Search Results: "Louise Steinman"


BOOK REVIEW

THE CROOKED MIRROR by Louise Steinman
BIOGRAPHY & MEMOIR
Released: Nov. 5, 2013

"Steinman's elegiac book is a powerful reminder of how ideologies can become 'crooked mirror[s]' that distort reality and destroy lives, cultures and nations."
A writer/literary curator explores the anguished, often contentious topic of Polish Jewry through the lens of her own family history. Read full book review >

BOOK REVIEW

NON-FICTION
Released: Oct. 26, 2001

"An affecting memoir and a convincing plea for pacifism: Steinman's hypnotizing prose exposes the senselessness of war by showing how conflicting governments have destroyed families by ripping common people out of their homes and forcing them to kill each other."
Steinman travels back in time and across the globe to capture the horrors of WWII as experienced by her father and a Japanese soldier, whom he may have killed. Read full book review >

BOOK REVIEW

BIOGRAPHY & MEMOIR
Released: May 17, 1996

"Most readers will pick up this volume for its literary interest, but the human content is what makes it memorable."
Charming correspondence between the Irish short-story writer and his editor at the New Yorker. Read full book review >

BOOK REVIEW

LITTLE DEADLY THINGS by Harry Steinman
Released: Sept. 12, 2012

"A terrific sci-fi thriller that grips the reader from beginning to end."
Cutting-edge technology combines with the dark side of the human soul to create the potential for terrifying destruction. Read full book review >

BOOK REVIEW

ELEPHANT HUNT MASSACRE by Jon Steinman
MYSTERY THRILLER
Released: Jan. 2, 2014

"A fun, satirical mystery that proves just how ridiculous partisan politics can be."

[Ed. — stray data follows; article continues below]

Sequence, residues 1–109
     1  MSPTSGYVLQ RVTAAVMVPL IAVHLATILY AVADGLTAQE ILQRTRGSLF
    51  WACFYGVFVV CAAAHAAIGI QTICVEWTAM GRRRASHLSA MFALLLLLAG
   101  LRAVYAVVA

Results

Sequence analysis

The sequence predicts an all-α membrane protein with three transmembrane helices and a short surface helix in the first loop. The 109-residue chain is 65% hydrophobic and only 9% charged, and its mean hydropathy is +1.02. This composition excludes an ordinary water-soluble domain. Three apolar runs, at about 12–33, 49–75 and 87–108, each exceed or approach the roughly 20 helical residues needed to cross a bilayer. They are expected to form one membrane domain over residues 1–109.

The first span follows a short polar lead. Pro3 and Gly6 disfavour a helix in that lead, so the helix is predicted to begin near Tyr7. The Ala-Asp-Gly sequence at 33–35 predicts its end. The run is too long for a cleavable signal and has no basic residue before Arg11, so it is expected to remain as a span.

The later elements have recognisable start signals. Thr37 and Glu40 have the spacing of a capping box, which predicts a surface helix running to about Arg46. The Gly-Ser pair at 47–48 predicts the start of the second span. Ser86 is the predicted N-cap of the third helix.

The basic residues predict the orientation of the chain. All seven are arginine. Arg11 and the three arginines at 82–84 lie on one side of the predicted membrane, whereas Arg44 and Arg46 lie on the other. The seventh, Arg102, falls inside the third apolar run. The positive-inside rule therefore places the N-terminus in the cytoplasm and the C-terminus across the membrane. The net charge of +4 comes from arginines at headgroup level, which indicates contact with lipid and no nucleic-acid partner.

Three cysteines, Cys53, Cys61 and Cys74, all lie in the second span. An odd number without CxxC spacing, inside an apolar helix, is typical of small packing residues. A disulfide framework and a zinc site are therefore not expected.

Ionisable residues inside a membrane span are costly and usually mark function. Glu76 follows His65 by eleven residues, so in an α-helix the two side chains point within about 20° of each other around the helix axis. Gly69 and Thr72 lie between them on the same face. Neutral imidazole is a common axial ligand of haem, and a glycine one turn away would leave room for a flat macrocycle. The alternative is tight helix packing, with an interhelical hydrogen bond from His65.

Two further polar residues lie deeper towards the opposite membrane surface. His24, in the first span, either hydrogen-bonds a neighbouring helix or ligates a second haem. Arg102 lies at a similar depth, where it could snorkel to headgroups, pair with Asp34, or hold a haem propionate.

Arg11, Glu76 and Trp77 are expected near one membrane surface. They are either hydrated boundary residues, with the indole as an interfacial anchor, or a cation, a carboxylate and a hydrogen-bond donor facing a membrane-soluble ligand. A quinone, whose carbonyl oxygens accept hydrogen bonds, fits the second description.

Former political reporter Steinman offers a witty debut political thriller heavily laced with satire. Read full book review >

BOOK REVIEW

WOMEN IN VIETNAM by Ron Steinman
NON-FICTION
Released: Aug. 1, 2000

"Without sanctifying the women in Vietnam, these interviews open an important window to the difference between how men and women view war. (b&w photos, not seen)"
Women who served in the Vietnam War offer a moving set of reflections. Read full book review >

BOOK REVIEW

BIOGRAPHY & MEMOIR
Released: Jan. 25, 2001

"Studded with insights and with prose as elegant as that in either writer's fiction, these letters delineate an epistolary friendship that makes 84 Charing Cross Road look dull."
The correspondence of New Yorker editor William Maxwell and poet, short-story writer, and novelist Sylvia Townsend Warner. Read full book review >

BOOK REVIEW

DOG LOVES COUNTING by Louise Yates
CHILDREN'S
Released: Sept. 10, 2013

"A worthy addition to the ranks of animal-themed counting books. (Picture book. 3-6)"
Yates' lovable Dog—of Dog Loves Books (2010) and Dog Loves Drawing (2012)—is back for some counting fun. Read full book review >

BOOK REVIEW

I AM FIVE by Louise Fitzhugh
FICTION
Released: Oct. 1, 1978

"But you couldn't accuse the pictured child of being greeting-card pretty—and her pesky energy does make itself felt."
In a sketchbook style, a scraggly, tangle-haired, kind of fat, and quite expressive little girl acts out a self-portrait. Read full book review >

BOOK REVIEW

THE LONG SECRET by Louise Fitzhugh
FICTION
Released: Oct. 27, 1965

"The scene is a small town on Long Island; the writing is not nearly as seriously funny as in the original; and even though Louise Fitzhugh is still well ahead of the field, the book is not as appealing as the first."
This is more about that spankingly (spankably?) fresh heroine Harriet The Spy whose initial appearance occasioned all kinds of discussion among those who monitor juvenile literature; some thought she wasn't very "nice"; some even took the position that she was "sick." Read full book review >

BOOK REVIEW

A SMALL SURPRISE by Louise Yates
ANIMALS
Released: May 12, 2009

"Small children who feel they aren't big enough to do anything will appreciate the message, while their adults might be inspired to look for the hidden talents. (Picture book. 3-6)"
Small children may not be able to walk far, wipe their noses or tie their own shoes, but they have their own special talents. Read full book review >

BOOK REVIEW

SPORT by Louise Fitzhugh
FAMILY AND GROWING UP
Released: May 30, 1979

"And—where the characters in the first book were memorable, larger-than-life caricatures—Sport's mother here is merely a predictable and uninteresting stereotype; Kate is too perfect an answer to the Rocques' prayers; and Sport's three friends—one Jewish, one black, and one Hispanic—seem an unrealistic vestige of naive Sixties didacticism."
You'll remember Harriet the Spy's friend Sport Rocque as the eleven-year-old who keeps house and account books for his impractical writer father. Read full book review >